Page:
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Excess mortality at Christmas due to cardiovascular disease in the HUNT study prospective population-based cohort in Norway
Although it is known that winter inclusive of the Christmas holiday period is associated with an increased risk of dying compared to other times of the year, very few studies have specifically examined this phenomenon within a population cohort subject to baseline profiling and prospective follow-up. In such a cohort, we sought to determine the specific characteristics of mortality occuring during the Christmas holidays.
Baseline profiling and outcome data were derived from a prospective population-based cohort with longitudinal follow-up in Central Norway - the Trøndelag Health (HUNT) Study. From 1984 to 1986, 88% of the target population comprising 39,273 men and 40,353 women aged 48 ± 18 and 50 ± 18 years, respectively, were profiled. We examined the long-term pattern of mortality to determine the number of excess (all-cause and cause-specific) deaths that occurred during winter overall and, more specifically, the Christmas holidays.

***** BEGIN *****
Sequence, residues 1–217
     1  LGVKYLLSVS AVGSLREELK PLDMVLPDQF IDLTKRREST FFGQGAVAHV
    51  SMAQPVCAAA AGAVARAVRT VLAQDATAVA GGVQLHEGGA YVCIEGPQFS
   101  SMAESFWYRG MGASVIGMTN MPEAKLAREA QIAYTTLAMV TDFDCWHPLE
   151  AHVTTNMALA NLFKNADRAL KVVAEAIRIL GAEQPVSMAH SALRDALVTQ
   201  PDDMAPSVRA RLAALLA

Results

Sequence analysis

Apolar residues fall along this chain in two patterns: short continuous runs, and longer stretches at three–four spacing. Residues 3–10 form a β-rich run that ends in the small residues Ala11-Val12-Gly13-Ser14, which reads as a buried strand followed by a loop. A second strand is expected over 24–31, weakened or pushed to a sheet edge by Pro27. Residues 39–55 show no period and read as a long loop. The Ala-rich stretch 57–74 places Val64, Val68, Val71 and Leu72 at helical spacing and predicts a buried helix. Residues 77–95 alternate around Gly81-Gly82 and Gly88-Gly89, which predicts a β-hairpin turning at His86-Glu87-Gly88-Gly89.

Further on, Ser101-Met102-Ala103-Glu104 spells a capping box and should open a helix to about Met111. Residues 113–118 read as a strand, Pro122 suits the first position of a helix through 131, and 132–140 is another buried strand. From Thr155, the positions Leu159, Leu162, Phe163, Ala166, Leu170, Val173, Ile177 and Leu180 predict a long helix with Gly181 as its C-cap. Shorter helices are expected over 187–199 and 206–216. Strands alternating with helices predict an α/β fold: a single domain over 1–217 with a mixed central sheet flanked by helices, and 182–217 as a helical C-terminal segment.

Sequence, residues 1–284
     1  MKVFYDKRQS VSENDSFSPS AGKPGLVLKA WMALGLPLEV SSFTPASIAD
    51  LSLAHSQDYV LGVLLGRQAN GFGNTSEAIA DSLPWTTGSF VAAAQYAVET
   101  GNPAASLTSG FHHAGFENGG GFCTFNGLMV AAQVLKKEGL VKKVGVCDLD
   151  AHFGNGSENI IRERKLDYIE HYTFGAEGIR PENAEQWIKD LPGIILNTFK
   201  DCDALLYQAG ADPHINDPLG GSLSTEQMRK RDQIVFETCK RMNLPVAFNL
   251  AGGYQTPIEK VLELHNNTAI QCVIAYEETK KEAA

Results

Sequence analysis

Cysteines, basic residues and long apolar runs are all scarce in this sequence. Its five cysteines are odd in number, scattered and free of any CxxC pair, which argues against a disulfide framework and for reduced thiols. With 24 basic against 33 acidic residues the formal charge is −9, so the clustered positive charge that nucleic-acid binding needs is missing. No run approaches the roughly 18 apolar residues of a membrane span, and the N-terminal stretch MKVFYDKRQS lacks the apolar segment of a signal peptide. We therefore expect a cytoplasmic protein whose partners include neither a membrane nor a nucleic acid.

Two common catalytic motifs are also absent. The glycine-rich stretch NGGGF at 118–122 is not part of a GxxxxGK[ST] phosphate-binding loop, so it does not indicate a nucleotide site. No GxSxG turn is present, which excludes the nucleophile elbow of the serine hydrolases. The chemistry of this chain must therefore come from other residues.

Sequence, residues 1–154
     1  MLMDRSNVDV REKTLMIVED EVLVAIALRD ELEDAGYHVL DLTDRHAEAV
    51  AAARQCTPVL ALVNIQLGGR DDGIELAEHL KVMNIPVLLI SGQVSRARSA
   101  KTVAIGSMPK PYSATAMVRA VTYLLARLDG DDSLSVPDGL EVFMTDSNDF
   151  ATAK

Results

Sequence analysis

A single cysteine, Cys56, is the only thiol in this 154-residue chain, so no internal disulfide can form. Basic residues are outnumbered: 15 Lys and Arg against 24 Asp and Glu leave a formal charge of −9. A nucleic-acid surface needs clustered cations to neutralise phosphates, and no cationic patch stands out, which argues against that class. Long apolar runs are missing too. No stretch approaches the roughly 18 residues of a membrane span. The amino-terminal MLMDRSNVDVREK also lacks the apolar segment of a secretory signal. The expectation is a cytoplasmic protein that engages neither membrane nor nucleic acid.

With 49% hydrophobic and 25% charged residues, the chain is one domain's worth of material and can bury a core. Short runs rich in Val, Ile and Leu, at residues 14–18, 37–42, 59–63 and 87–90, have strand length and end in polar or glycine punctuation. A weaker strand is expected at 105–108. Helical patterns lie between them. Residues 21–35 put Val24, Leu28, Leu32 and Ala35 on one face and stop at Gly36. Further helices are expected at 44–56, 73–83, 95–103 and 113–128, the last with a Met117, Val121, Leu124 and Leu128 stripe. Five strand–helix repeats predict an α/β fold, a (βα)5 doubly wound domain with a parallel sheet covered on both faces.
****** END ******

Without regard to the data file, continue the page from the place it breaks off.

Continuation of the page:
During 33.5 (IQR 17.1–34.4) years follow-up, 19,879 (50.7%) men and 19,316 (49.3%) women died at age-adjusted rate of 5.3 and 4.6 deaths per 1000/annum, respectively. Overall, 1540 (95% CI 43–45 deaths/season) more all-cause deaths occurred in winter (December to February) versus summer (June to August), with 735 (95% CI 20–22 deaths per season) of these cardiovascular-related. December 25th–27th was the deadliest 3-day period of the year; being associated with 138 (95% CI 96–147) and 102 (95% CI 72–132) excess all-cause and cardiovascular-related deaths, respectively. Accordingly, compared to 1st–21st December (equivalent winter conditions), the incidence rate ratio of all-cause mortality increased to 1.22 (95% CI 1.16–1.27) and 1.17 (95% 1.11–1.22) in men and women, respectively, during the next 21 days (Christmas/New Year holidays). All observed differences were highly significant (P < 0.001). A less pronounced pattern of mortality due to respiratory illnesses (but not cancer) was also observed.
Beyond a broader pattern of seasonally-linked mortality characterised by excess winter deaths, the deadliest time of year in Central Norway coincides with the Christmas holidays. During this time, the pattern and frequency of cardiovascular-related mortality changes markedly; contrasting with a more stable pattern of cancer-related mortality. Pending confirmation in other populations and climates, further research to determine if these excess deaths are preventable is warranted.